What is the best way to get the auto-id value in the same SQL with a SELECT?

A forum said adding this "; has Return Scope_Identity()"
in the end of the SQL works in ASP.

Is there a corresponding way in PHP?

  • This question is relevant for anything that uses SQL, not just PHP. Commented Aug 9, 2011 at 9:19

7 Answers 7


It depends on your database server. Using MySQL, call mysql_insert_id() immediately after your insert query. Using PostgreSQL, first query "select nextval(seq)" on the sequence and include the key in your insert query.

Querying for "select max(id) + 1 from tbl" could fail if another request inserts a record simultaneously.

  • max(id)+1 can also fail due to the nature of auto-incrementing IDs, SQL skips values for performance sometimes (if it knows 12 was the last value, but there might be an in progress write, it'll just go 'screw it' and write 14 rather than waiting to find out)
    – The Lemon
    Commented May 4, 2022 at 5:03

In postgres the best way is to do something like:

insert into foos(name) values ('my_foo') returning id;

It depends on the database engine you are using. Some DBMS, like Firebird for example, have RETURNING clause you can add to your query. For example, if you have a table named TABLE1 with autoincrement column named ID, you can use this:

insert into TABLE1(columns...) values (values...) returning ID;

And it would return the inserted ID just like a regular select statement.


In Microsoft Transact SQL you can use @@IDENTITY.


DECLARE @Table TABLE ( col0 INT IDENTITY, col1 VARCHAR(255), col2 VARCHAR(255))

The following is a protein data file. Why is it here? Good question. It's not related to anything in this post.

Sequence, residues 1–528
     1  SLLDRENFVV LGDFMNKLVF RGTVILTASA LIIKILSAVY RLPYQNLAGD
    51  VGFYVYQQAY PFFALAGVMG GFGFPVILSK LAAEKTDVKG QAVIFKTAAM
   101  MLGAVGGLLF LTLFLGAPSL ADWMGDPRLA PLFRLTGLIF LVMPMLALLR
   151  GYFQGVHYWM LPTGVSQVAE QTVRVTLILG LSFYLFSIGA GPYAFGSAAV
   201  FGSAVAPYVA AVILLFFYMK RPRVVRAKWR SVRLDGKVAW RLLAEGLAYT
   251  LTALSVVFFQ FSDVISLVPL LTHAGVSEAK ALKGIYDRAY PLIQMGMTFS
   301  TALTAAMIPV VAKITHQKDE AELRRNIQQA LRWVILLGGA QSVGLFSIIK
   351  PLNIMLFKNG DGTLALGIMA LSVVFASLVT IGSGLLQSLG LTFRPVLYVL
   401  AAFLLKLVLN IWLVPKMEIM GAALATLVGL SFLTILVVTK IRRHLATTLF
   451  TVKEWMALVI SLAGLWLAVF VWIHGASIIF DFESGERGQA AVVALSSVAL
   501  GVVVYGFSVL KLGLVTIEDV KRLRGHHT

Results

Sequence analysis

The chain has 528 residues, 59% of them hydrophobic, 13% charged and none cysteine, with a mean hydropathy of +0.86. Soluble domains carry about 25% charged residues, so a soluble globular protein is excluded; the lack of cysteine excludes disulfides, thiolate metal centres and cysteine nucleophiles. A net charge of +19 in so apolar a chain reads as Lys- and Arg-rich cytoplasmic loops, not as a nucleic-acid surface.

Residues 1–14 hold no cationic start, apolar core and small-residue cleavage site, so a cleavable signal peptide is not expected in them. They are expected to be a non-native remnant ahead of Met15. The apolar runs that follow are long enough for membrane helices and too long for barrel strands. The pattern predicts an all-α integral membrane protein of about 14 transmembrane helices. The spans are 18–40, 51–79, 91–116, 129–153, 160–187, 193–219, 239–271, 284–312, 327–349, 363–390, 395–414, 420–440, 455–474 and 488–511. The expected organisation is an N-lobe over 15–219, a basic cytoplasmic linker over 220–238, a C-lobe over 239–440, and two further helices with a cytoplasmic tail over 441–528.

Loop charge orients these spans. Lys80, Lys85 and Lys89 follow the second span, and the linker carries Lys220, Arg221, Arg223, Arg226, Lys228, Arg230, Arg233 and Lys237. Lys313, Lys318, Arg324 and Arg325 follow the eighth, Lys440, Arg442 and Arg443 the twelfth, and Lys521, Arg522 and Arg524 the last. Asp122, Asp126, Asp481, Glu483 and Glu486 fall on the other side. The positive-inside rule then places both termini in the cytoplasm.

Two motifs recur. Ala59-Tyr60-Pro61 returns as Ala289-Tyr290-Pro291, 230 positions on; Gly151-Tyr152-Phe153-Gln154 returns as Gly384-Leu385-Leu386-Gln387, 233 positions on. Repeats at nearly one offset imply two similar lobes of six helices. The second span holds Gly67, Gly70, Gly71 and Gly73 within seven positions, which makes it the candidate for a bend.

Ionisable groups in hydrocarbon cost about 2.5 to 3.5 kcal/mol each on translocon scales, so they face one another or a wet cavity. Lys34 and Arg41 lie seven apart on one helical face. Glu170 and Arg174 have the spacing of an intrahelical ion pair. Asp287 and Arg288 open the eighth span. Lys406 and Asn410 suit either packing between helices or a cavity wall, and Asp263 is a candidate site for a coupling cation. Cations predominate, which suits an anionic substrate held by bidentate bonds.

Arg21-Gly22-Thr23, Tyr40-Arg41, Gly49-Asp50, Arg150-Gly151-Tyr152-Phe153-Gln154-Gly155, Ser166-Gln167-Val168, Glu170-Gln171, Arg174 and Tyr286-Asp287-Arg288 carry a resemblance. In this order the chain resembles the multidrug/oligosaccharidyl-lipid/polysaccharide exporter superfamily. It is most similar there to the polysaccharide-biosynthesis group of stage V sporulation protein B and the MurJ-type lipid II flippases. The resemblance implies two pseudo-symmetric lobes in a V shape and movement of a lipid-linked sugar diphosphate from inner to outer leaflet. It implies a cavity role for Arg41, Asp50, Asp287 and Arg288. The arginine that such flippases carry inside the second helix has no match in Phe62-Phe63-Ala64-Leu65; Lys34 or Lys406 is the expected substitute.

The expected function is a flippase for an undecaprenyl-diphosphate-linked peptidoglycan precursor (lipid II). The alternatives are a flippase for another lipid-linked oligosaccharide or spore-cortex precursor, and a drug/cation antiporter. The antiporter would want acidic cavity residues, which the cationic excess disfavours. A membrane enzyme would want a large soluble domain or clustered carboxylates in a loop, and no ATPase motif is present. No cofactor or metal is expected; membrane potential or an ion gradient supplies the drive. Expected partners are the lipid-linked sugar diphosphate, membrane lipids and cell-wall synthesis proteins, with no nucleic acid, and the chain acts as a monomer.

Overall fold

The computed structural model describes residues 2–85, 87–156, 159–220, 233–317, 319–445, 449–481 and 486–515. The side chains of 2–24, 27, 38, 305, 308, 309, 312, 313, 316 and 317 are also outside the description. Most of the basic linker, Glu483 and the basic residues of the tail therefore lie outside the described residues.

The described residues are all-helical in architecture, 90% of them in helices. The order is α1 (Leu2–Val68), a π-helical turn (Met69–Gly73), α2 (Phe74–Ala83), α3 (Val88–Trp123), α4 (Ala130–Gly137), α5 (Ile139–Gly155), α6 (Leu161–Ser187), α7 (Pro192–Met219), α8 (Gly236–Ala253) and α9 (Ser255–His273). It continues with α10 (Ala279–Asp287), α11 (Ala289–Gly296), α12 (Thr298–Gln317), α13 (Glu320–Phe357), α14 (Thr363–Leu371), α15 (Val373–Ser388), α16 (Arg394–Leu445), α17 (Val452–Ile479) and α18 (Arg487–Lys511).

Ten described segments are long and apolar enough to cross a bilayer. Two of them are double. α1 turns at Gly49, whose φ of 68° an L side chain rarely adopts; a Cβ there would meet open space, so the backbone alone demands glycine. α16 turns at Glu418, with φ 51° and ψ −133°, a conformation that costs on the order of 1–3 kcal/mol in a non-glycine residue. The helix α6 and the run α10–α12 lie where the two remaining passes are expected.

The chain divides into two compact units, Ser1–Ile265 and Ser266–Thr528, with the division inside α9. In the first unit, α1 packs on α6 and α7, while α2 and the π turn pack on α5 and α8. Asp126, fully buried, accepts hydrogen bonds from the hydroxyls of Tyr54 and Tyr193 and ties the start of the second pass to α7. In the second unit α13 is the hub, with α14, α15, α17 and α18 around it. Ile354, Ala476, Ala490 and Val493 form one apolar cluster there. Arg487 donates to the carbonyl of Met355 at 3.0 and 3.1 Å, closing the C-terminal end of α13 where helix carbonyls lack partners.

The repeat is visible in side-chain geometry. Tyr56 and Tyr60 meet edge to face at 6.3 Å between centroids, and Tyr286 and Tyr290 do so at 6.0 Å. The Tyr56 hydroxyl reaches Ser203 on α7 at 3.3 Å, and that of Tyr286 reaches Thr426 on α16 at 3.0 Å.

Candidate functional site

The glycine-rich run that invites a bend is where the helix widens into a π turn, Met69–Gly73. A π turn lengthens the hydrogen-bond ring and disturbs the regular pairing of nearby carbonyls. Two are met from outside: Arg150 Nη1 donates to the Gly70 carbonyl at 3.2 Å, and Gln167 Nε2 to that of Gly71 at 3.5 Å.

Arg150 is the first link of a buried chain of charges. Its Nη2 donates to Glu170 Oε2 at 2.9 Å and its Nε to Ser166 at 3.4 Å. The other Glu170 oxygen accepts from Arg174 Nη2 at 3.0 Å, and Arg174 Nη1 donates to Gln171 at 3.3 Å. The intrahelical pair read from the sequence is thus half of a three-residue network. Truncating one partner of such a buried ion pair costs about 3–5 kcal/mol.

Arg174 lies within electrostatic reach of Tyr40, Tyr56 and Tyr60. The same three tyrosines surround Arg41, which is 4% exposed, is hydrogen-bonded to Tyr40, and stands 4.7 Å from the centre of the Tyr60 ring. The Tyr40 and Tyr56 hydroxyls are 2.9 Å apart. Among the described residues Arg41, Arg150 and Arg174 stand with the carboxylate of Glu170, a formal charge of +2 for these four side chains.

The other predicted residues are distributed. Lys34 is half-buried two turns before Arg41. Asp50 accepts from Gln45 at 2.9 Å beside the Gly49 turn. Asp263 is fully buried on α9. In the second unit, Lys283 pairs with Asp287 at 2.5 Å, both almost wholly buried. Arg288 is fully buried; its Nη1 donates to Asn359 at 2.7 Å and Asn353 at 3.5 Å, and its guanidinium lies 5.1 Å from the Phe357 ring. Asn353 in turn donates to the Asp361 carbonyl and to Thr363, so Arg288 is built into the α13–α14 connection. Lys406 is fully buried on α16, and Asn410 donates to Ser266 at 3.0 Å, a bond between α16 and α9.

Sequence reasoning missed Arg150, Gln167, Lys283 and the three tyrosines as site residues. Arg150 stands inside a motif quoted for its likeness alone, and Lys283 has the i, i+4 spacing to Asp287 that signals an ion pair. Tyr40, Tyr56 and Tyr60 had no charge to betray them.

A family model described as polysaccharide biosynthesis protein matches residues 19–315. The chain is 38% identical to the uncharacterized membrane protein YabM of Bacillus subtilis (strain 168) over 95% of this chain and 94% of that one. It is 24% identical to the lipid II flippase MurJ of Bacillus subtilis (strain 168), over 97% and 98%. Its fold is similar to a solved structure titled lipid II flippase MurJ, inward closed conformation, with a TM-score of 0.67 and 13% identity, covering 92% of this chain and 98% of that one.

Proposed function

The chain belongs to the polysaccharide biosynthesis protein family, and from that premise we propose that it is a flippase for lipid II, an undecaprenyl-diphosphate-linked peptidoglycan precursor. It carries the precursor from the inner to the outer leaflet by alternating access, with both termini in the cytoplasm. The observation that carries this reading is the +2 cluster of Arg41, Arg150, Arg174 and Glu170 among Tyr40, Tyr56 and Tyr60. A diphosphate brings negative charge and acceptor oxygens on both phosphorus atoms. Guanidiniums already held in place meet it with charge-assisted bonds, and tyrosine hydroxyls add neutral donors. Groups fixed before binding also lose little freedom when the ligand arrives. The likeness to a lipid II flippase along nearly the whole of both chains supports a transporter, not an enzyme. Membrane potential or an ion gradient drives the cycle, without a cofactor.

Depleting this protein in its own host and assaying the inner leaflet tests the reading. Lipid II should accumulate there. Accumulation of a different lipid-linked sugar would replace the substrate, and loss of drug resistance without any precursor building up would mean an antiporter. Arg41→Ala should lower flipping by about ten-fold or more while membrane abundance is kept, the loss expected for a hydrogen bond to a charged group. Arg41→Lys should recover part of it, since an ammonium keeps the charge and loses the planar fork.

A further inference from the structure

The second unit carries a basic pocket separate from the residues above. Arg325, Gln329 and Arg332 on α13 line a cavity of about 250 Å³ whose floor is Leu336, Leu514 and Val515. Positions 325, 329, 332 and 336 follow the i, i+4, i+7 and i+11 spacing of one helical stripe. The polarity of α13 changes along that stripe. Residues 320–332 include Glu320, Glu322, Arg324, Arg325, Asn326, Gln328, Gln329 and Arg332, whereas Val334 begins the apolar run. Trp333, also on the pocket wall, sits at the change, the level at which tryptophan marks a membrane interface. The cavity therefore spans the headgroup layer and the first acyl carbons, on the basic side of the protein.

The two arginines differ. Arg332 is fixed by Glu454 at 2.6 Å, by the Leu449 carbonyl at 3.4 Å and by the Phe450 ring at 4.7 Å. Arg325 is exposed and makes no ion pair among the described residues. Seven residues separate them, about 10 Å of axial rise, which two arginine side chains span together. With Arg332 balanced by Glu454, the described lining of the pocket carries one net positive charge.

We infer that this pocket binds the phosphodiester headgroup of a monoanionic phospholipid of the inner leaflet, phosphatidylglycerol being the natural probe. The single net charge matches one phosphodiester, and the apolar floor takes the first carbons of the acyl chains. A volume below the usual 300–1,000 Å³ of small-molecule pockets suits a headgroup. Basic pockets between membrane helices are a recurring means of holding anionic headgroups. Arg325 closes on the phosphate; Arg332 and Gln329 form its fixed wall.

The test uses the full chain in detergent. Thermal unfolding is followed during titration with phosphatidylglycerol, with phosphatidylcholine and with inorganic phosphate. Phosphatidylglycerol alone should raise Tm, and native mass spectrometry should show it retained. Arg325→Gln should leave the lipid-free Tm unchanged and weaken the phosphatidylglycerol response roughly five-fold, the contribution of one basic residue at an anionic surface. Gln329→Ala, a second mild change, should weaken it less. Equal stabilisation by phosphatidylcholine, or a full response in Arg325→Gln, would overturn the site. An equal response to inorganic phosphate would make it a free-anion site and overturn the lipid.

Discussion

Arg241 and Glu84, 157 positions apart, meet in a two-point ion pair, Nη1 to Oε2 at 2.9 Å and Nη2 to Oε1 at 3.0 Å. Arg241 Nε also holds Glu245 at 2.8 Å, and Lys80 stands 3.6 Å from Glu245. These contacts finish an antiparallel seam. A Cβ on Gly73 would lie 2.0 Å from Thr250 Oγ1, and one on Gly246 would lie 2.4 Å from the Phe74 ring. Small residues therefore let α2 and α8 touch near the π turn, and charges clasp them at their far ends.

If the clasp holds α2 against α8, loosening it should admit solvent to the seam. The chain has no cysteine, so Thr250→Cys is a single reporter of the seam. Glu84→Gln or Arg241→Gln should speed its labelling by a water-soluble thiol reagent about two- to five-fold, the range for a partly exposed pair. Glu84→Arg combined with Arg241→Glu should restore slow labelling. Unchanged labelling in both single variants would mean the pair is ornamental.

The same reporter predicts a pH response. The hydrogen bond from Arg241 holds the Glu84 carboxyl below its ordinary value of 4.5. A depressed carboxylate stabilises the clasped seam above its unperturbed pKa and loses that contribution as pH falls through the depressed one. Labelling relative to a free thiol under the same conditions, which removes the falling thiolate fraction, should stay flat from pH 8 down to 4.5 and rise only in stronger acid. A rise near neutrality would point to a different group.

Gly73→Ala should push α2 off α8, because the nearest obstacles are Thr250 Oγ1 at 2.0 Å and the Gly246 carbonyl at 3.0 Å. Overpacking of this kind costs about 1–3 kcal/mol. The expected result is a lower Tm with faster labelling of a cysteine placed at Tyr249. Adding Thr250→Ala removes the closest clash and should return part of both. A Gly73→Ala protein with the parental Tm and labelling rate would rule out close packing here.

INSERT INTO @Table (col1, col2) VALUES ('Hello','World!')

SELECT @@Identity

  • 1
    never use @@identity, it wil not always give you the correct identity value and can cause very bad data integrity problems. Use scope_identity()
    – HLGEM
    Commented Jul 10, 2009 at 13:50
  • Well, @@identity is ok as long as you know what it does and the scope of its effect. Just be careful if you have triggers on tables (an insert to a table with an identity column in a trigger will cause @@identity to be updated), or if the table is replicated. Ok, it's probably safer to use scope_identity() :)
    – Jon
    Commented Jul 10, 2009 at 13:57

In php: mysql_insert_id() https://www.php.net/mysql_insert_id


If you wanted to genterate the number from your mySql select query, you could use this EDIT:

  • Selecting the max could be an issue if multiple processes are doing inserts could it not?
    – schooner
    Commented Mar 7, 2009 at 10:38
  • 1
    if you insert a record, then delete a record, then run this query you will get the identity of the deleted record. the next insert will not get that identity in any implementation I'm aware of. Avoid this at all costs...
    – MatBailie
    Commented Mar 7, 2009 at 15:11
  • you should put a read lock on the table if you want this to be safe! even then, I'm not sure that the DBMS won't re-use some deleted id if a gap in the table exists somewhere.
    – ʞɔıu
    Commented Mar 7, 2009 at 17:50

Be very careful: Apparently select nextval(seq) does not work in high concurrency - some other connection can insert between the time when you inserted and the time when you called select nextval(seq). Always test such code in high concurrency test harnesses.

  • This doesn't matter unless you are using the ID for ordering, because you are using the result from nextval(seq), not another call to the sequence itself. Commented Apr 25, 2010 at 19:11

In SQL Server a insert using the select statement can have an output clause which will return the identity value and whatever other columns you might need to identify which identity goes to which record. If you are using a values clause, then use select scope_identity () immediately after the insert.

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